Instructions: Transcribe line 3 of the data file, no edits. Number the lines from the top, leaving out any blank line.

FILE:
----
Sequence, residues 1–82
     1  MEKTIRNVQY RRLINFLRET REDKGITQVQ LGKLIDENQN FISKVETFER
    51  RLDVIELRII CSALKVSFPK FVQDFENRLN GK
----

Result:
    51  RLDVIELRII CSALKVSFPK FVQDFENRLN GK